well, sorta anyway. I did some more playing around with why’s modifications to mod_ruby and was able to throw together a quick test to show that in fact it should be quite possible to implement a SiteMesh-like system using Apache, mod_ruby (patched) and Hpricot. Here’s, in short, how I did it.
First, I downloaded Apache 2.0.59 since that’s close to the version we’re running on the server on which I’ll eventually be using this system (it’s actually 2.0.55, but close enough, right?). Be sure to compile in the proxy module, since that’s what we’re trying to achieve here is filtering of reverse proxied content, like, say, a rails app.
Next, download this patched version of mod_ruby that includes support for filters. You’ll want to make sure you build this against the Apache you just installed, so use the
--with-apxs=... option (read the README.en file included in the tarball) to point to the correct apxs binary.
Once you’ve got everything installed, create a basic httpd.conf that looks something like this:
ServerRoot /opt/apache-mod-ruby Listen 8080 LogLevel info
LoadModule ruby_module /opt/apache-mod-ruby/modules/mod_ruby.so
RubyTimeOut 10 RubyAddPath /opt/apache-mod-ruby/rubylib RubyRequire rubyMesh ProxyPass / http://localhost:3000/ ProxyPassReverse / http://localhost:3000/ <Proxy *> Order deny,allow Deny from all Allow from 127.0.0.1 RubyOutputFilter RubyMesh.instance REWRITER SetOutputFilter REWRITER </Proxy>
Next, make sure you have the hpricot gem installed (
gem install hpricot) and then create the file /opt/apache-mod-ruby/rubylib/rubyMesh.rb with the following content:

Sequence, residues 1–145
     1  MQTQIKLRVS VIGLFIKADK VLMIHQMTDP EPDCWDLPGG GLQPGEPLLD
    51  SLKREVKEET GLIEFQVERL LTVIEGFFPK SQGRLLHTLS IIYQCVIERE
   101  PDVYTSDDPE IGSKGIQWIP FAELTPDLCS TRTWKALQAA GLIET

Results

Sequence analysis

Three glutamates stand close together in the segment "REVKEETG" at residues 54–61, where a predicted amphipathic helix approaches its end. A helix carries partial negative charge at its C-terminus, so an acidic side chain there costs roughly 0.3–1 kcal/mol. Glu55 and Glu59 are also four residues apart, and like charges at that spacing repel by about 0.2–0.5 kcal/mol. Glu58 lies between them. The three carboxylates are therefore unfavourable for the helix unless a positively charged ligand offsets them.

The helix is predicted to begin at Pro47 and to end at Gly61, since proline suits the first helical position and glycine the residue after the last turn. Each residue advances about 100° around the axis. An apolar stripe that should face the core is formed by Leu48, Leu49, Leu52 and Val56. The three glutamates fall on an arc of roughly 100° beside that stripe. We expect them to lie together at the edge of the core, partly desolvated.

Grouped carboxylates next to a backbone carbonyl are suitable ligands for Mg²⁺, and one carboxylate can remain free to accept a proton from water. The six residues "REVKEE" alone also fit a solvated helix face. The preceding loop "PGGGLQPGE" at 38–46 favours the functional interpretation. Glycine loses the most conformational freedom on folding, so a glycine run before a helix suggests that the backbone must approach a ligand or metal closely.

require 'singleton' require 'rubygems' require 'hpricot' class RubyMesh include Singleton def output_filter(filter) if filter.req.content_type !~ %r!text\/html! filter.pass_on else doc = Hpricot(filter.read) (doc/"title").first.inner_html = "FooBar" filter.write doc.to_s filter.close end end end
Oh, of course, you’ll also need to have some app (in my case, a Rails app) running on port 3000. Load http://localhost:8080 in your browser and you should see that the title of has been changed to FooBar.
Next step is to figure out what I want the configuration of this thing to look like. Once that’s planned out, I should be able to whip together a couple of classes and maybe even release my first gem. Of course, I’m not entirely sure how I like the idea of releasing a gem that’s dependent on a hacked version of mod_ruby, but… what are you going to do, eh? Maybe eventually a version of mod_ruby that supports why’s extensions will get released.